Glioblastoma is considered the most aggressive tumor that can form in the brain. Senator John McCain was diagnosed with one in July 2017.
According to the figures, patients have a 10 percent chance of surviving five years after diagnosis. The average life expectancy is between 14 and 16 months.
Three adults in every 100,000 will suffer from glioblastoma, says the American Association of Neurological Surgeons (AANS).
It is most commonly found in men aged 50 to 60, and there is no link between developing glioblastoma and having a history of other cancers.
WHAT IS THE TUMOR MADE OF?
The tumor is made up of a mass of rapidly growing cells in the brain, and in most cases, patients have no family history of the disease.
It will not spread to other organs; However, once diagnosed, it is almost impossible to detect, surgeons say.
Unlike other types of brain cancer that are more specifically located, glioblastoma can occur anywhere in the brain.
WHAT TREATMENT IS AVAILABLE?
Because the tumor has likely already spread deep into the brain by the time it is diagnosed, cancerous tissue is incredibly difficult to remove.
The surgeon will only remove the tumor, or part of the tumor, if it does not cause any damage to the surrounding brain tissue.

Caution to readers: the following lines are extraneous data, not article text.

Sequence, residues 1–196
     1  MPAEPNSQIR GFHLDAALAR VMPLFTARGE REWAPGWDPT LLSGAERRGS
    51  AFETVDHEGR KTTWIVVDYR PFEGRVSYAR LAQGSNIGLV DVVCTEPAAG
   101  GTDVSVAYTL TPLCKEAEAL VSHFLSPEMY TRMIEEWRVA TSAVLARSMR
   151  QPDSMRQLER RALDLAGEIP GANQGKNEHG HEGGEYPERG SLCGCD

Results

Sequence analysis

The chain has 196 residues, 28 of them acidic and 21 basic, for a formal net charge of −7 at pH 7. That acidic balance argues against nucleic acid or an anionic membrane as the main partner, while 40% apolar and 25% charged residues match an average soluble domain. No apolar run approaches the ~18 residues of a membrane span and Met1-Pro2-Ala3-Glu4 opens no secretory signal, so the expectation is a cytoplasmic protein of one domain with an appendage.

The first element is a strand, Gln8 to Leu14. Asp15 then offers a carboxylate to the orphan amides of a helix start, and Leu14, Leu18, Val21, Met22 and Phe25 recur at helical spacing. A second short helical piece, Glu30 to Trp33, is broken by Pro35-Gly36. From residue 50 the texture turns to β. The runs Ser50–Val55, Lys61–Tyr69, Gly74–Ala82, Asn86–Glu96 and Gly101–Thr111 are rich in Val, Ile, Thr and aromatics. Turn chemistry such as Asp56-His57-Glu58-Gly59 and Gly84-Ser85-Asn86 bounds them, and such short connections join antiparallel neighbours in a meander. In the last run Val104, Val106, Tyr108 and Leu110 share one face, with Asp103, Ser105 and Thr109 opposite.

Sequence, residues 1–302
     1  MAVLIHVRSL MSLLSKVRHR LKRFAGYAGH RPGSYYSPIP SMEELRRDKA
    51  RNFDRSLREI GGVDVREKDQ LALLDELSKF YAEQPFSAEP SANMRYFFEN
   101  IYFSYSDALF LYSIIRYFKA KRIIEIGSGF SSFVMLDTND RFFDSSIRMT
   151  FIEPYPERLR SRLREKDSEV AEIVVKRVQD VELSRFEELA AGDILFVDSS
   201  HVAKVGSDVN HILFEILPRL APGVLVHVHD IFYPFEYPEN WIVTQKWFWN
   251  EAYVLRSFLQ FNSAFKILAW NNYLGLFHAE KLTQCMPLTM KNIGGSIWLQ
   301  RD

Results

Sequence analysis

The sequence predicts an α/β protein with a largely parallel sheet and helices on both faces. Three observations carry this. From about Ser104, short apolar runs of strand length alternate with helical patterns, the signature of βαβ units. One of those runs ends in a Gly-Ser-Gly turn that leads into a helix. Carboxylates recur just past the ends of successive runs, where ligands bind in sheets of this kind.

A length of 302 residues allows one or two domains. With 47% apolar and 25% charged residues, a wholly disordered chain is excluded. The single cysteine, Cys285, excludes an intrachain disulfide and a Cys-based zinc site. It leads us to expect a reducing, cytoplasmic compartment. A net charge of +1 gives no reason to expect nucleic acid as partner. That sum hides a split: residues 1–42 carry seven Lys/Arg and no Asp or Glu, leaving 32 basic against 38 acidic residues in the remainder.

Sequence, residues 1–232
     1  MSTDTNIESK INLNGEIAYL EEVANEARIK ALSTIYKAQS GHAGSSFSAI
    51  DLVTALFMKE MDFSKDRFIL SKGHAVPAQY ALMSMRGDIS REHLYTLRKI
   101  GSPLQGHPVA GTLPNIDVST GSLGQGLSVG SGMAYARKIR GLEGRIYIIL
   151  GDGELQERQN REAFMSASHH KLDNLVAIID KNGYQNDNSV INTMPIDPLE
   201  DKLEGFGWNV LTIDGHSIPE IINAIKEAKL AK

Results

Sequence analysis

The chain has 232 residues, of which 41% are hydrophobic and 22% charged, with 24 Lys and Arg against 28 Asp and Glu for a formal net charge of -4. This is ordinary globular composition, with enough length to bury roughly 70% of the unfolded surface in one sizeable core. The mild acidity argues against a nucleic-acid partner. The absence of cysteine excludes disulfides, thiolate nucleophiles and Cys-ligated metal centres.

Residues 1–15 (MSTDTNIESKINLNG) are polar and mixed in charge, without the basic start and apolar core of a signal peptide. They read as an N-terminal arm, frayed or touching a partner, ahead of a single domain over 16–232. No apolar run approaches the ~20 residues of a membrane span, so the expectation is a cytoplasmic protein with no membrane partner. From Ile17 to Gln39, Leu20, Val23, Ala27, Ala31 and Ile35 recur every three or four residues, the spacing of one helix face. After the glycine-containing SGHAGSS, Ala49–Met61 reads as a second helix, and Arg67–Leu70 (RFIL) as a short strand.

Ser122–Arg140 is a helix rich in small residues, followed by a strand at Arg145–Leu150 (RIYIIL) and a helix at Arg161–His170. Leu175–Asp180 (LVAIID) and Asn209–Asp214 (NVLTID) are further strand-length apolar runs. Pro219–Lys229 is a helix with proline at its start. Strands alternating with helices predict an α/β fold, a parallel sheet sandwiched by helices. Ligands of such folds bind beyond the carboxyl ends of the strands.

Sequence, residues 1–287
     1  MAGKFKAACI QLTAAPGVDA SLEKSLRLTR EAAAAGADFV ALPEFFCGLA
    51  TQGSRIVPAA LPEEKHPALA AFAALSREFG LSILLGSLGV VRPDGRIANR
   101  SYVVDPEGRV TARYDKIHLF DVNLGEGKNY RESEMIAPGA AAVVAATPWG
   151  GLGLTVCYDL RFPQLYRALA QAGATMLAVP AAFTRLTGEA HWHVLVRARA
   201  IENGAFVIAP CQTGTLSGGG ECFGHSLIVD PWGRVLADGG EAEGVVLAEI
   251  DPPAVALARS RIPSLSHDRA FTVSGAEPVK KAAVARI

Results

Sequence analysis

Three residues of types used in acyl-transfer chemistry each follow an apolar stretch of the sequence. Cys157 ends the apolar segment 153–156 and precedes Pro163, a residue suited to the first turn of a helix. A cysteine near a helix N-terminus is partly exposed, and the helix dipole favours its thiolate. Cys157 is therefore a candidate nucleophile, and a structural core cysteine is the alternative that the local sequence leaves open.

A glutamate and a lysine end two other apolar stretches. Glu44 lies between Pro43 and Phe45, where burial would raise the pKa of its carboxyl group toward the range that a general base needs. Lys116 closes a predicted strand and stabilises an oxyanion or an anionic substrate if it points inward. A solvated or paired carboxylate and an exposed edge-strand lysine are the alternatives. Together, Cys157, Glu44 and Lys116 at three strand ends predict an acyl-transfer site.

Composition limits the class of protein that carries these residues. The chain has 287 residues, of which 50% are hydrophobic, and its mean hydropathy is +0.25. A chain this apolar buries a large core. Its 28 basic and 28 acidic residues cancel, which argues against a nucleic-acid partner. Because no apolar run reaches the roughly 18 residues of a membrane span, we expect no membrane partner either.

Dr. Babcar Cisse, a neurosurgeon at the Weill Cornell Brain and Spine Center, told Daily Mail Online in July 2017: “When glioblastoma is diagnosed, the microfibers can spread to the rest of the brain, which an MRI would not detect.”
“So even if the main tumor is removed and the patient receives radiation and chemotherapy, it will come back.”
CLASSIFICATION OF A GLIOBLASTOMA
Brain tumors are graded from one to four, depending on how quickly they grow and how aggressive they are.
Malignant tumors receive a high grade three or four, while benign tumors receive a lower grade one or two.
Glioblastoma is often called grade four astrocytoma, another form of brain tumor, says the AANS.
Patients often complain of symptoms such as blurred vision, memory problems, dizziness, and headaches.
Symptoms are somewhat nonspecific, vary from person to person, and may not persist.
Some patients suffer blindness if the tumor compresses the optic nerve, which connects the retina to the brain, causing vision loss.
Therefore, the disease is impossible to diagnose based on symptoms alone.